Abstract: Understanding the Disproportional Suspension of Black Girls: A Case for Data Triangulation (Society for Social Work and Research 25th Annual Conference - Social Work Science for Social Change)

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Understanding the Disproportional Suspension of Black Girls: A Case for Data Triangulation

Friday, January 22, 2021
* noted as presenting author
Andrea Joseph, PhD, Assistant Professor, University of Tennessee, Knoxville, TN
Background: During the 2015-2016 academic year, Black girls represented 8% of students enrolled yet accounted for 14% of students suspended and 10% of students expelled (USDOE, 2018). School-wide interventions such as restorative practices have been utilized to improve relational bonds and address inequitable discipline practices. However, disproportionality often persists with limited empirical data to explain why. This mixed-methods study used critical race methodology to explore the racialized and gendered persistence of disproportionality by asking, what are the within-gender discipline trends and practices at a school implementing restorative justice practices? Suspension data, observational data, semi-structured-interviews, site artifacts and critical social theory were used to inform how identity markers, specifically race and gender, inform Black girl’s disciplinary experiences. The author underscores the centrality of data triangulation and critical race research for social work science and social action.

Methods: Data were collected over 9-months at a racially diverse high school (n = 1,518) implementing restorative justice practices to reduce school suspensions. Within-gender risk-ratios were calculated to examine suspension risk differences across race. Critical race ethnography and intersectionality was used to examine behavior in the context of race and gender social constructions. Thus classroom observations (n = 37), interviews (n = 11), and school-based artifacts (n=3) were analyzed to inform disproportional school suspension rates. Inductive and deductive coding were used during initial coding stages; subsequently, pattern coding was used to generate meta-codes that drew meaning (Saldaña, 2013) between behaviors, policies and discipline outcomes.

Findings: Findings indicate that Black females (n =287) represented 19% of enrollment yet were 3.2 times more likely to be suspended than all other girls (n = 434). This disparity was greater than Black males (n =334) who accounted for 22% of enrollment and were 2.1 times more likely to be suspended than all other males (n = 463). Detention hall observations indicate that students of color, and Black girls in particular were consistently represented in the bi-weekly detention halls. Black girls attended detention for behaviors regularly exhibited across all students throughout the school day. This included, tardiness, roaming the hallways, cell phone use, and classroom disruption. Despite how commonplace these behaviors were, White girls were least represented in the detention hall. Additionally, the presence of a detention-to-suspension pipeline placed Black girls at greater risk. Namely, policy required that students who missed an after-school detention would receive an automatic one-day suspension. Furthermore, the practice of suspending a student for talking or having a visible cell phone during detention contributed to their disproportional suspension.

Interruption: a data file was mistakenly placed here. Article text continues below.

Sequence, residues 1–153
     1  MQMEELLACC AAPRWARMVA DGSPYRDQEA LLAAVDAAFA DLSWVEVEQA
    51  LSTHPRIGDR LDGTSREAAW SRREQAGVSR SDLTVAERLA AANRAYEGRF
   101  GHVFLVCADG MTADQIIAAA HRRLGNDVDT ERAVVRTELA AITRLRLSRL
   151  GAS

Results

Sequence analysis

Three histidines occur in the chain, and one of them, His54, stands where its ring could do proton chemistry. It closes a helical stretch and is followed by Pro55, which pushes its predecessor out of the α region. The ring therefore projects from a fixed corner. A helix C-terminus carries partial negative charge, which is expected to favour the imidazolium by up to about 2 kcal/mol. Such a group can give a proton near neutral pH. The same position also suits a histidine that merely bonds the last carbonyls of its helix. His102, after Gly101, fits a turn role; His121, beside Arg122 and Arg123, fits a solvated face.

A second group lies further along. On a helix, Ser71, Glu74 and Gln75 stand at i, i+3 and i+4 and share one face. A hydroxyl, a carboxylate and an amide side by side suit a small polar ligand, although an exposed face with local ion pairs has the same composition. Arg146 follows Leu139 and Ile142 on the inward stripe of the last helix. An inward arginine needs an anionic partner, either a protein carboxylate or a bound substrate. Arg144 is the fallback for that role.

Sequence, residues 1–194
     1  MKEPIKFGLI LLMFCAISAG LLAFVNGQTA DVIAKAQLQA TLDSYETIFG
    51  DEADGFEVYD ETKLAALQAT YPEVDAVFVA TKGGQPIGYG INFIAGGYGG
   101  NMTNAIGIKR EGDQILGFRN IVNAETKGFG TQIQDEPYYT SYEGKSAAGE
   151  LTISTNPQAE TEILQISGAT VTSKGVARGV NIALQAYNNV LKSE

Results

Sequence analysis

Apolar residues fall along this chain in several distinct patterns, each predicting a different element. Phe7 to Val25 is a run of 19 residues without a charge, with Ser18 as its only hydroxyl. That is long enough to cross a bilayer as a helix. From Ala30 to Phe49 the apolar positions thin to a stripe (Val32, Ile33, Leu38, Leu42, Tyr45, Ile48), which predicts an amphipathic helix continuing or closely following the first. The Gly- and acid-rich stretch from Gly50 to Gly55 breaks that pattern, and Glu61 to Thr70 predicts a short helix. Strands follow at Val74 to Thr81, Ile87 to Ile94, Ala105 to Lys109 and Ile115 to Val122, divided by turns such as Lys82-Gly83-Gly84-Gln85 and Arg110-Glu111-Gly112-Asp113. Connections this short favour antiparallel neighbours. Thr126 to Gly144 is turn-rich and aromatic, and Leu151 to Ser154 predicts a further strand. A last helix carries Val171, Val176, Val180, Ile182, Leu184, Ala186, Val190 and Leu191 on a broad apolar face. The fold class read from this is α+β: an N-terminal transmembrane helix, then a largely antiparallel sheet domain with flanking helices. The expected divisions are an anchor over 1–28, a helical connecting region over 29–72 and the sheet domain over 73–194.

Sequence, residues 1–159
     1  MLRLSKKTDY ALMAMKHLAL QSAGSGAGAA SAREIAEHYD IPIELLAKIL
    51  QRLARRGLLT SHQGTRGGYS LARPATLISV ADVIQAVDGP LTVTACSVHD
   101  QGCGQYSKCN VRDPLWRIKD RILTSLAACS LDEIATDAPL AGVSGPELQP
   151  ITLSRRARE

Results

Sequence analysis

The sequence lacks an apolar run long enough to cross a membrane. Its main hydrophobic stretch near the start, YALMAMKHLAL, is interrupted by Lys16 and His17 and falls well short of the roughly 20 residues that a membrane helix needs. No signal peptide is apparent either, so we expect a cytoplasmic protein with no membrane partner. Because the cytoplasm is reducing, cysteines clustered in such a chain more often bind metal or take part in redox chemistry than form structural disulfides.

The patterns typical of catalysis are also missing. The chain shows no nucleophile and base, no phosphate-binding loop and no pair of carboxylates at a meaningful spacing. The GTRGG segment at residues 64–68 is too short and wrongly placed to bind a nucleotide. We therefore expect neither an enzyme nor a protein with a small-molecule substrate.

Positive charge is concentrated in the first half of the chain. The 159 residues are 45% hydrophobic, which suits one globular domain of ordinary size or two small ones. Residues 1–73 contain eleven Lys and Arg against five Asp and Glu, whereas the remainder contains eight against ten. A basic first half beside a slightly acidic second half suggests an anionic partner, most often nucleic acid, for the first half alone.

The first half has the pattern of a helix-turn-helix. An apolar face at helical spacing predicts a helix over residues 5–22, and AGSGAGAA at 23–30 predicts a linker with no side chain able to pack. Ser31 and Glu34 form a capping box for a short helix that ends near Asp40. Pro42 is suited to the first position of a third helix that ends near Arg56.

Conclusions/Implications: Within-gender analyses highlight the discipline risk experienced by Black girls; but it is limited in its ability to explain this trend. It is the use of observational data that makes the near invisibility of White girls from detention hall an indication of their under-surveillance. Data triangulation and intersectionality, markers of social work science for social action, underscore how constructs on race, gender and class make Black girls hyper-visible and subject to the “disciplinary gaze”. Researchers should construct datasets that capture both the visible and “invisible” discipline trends.